What is the Welsh for,,,

What would be my best word for ‘gentle’?
For example if I want my daughter to have gentle hands or be gentle with the cat or be gentle with smaller children. Also gentle with a book.

Can you also give me a clue how to pronounce chosen word.
I’m learning southern welsh if that makes a difference.


I think ‘ysgafn’ (us-gav-n) might be the word you’re after? I think it means delicate (to touch), I’m only a learner myself though so I’ll leave it to someone more fluent to confirm!

There’s a line in the song Arglwydd Dyma Fi: Mi glywaf dyner lais which means I hear your gentle voice and I’ve also seen tyner in the song Englynnion Coffa Hedd Wyn, so I think one word for gentle is tyner or dyner if mutated. My dictionary doesn’t have an entry for this, it’s just me absorbing what I’m coming across so hopefully someone more advanced can confirm. It sounds just as you’d think from the spelling: tuh-nair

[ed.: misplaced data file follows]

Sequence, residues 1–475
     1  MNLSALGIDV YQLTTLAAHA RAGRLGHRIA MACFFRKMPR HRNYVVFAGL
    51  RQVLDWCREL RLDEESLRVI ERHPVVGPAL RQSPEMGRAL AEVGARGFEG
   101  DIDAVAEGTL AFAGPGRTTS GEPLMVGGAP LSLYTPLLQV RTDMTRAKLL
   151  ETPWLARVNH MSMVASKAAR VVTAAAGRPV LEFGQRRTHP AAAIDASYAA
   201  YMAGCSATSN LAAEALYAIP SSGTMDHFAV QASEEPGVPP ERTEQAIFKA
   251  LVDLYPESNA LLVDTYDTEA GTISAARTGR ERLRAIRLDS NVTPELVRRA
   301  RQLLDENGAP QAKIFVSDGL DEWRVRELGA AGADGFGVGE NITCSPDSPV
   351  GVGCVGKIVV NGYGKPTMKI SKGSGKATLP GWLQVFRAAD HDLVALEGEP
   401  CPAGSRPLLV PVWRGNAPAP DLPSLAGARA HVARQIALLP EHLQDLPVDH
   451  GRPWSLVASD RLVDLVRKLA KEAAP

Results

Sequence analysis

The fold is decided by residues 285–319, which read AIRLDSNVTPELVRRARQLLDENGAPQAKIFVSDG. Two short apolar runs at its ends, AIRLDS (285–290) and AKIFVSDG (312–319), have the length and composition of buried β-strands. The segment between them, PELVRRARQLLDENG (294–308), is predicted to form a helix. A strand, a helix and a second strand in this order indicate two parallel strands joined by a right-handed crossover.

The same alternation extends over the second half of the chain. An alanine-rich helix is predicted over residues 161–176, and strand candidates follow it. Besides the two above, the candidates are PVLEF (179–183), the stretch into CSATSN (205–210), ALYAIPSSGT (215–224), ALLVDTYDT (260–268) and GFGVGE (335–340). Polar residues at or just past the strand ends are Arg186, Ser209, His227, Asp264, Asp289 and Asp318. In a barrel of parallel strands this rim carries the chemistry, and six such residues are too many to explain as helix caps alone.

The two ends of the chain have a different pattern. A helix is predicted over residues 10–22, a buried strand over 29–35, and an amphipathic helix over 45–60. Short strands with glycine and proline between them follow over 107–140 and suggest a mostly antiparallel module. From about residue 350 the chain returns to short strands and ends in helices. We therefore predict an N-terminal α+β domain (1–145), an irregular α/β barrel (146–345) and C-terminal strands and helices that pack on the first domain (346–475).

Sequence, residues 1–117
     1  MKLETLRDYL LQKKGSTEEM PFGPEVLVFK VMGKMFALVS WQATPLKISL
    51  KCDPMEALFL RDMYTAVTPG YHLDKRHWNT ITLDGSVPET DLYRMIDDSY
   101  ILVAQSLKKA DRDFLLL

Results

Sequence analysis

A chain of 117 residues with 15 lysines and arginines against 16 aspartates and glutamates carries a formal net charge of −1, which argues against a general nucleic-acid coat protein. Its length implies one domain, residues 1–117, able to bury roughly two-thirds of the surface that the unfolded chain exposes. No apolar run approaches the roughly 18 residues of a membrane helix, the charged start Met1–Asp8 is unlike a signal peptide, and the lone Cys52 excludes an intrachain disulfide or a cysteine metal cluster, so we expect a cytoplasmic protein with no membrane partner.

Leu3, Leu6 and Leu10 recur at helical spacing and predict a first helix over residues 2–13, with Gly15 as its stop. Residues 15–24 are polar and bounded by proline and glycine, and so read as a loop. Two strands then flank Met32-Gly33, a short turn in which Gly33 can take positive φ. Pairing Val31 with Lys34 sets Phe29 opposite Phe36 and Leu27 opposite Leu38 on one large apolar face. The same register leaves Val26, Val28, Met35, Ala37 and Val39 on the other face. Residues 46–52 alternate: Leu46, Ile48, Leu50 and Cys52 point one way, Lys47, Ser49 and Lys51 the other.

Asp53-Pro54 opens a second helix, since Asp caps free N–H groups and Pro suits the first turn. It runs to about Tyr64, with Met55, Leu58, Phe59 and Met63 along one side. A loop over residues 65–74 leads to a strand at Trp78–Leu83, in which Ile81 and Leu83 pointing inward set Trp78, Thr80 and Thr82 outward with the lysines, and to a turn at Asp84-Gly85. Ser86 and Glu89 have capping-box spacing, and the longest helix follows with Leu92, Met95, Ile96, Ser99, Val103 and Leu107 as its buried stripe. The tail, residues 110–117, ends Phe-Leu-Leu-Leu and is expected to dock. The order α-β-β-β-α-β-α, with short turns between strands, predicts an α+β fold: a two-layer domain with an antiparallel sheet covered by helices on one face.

If you wanted to say someone had a gentle nature, you’d say ‘natur addfwyn’ - but in the situations you describe, where you’re telling someone how to be, we’d be more likely to say something like ‘gofal pia hi!’ or ‘bydd yn ofalus’ - literally ‘be careful’ for the second…:smile:

Another version of “be careful!” – which I’ve heard Iestyn call after his boys! – is gan bwyll! The emphasis is on the second word, which has the same “wy” sound as in mwy.

Diolch Diane! Pwyll is such a brilliant, flexible word.

Pwyllo is, more or less, to think before you act, but it has a definite quality of “slow down”, “be sensible” etc. So the bilingual speeding vans in Wales say “Pwyll” on the side to go with the English “Think”.

Where Aran uses “gofal pia hi” above, I would use “pwyll pia hi” - take it easy!

There’s also the rather sweet “gan bwyll bach”, which means something like “little by little” or “slowly but surely”, so Cat is getting better “gan bwyll bach”…

Hope that helps!

1 Like

Iestyn: so Cat is getting better “gan bwyll bach”…

Really happy to hear that. :slight_smile: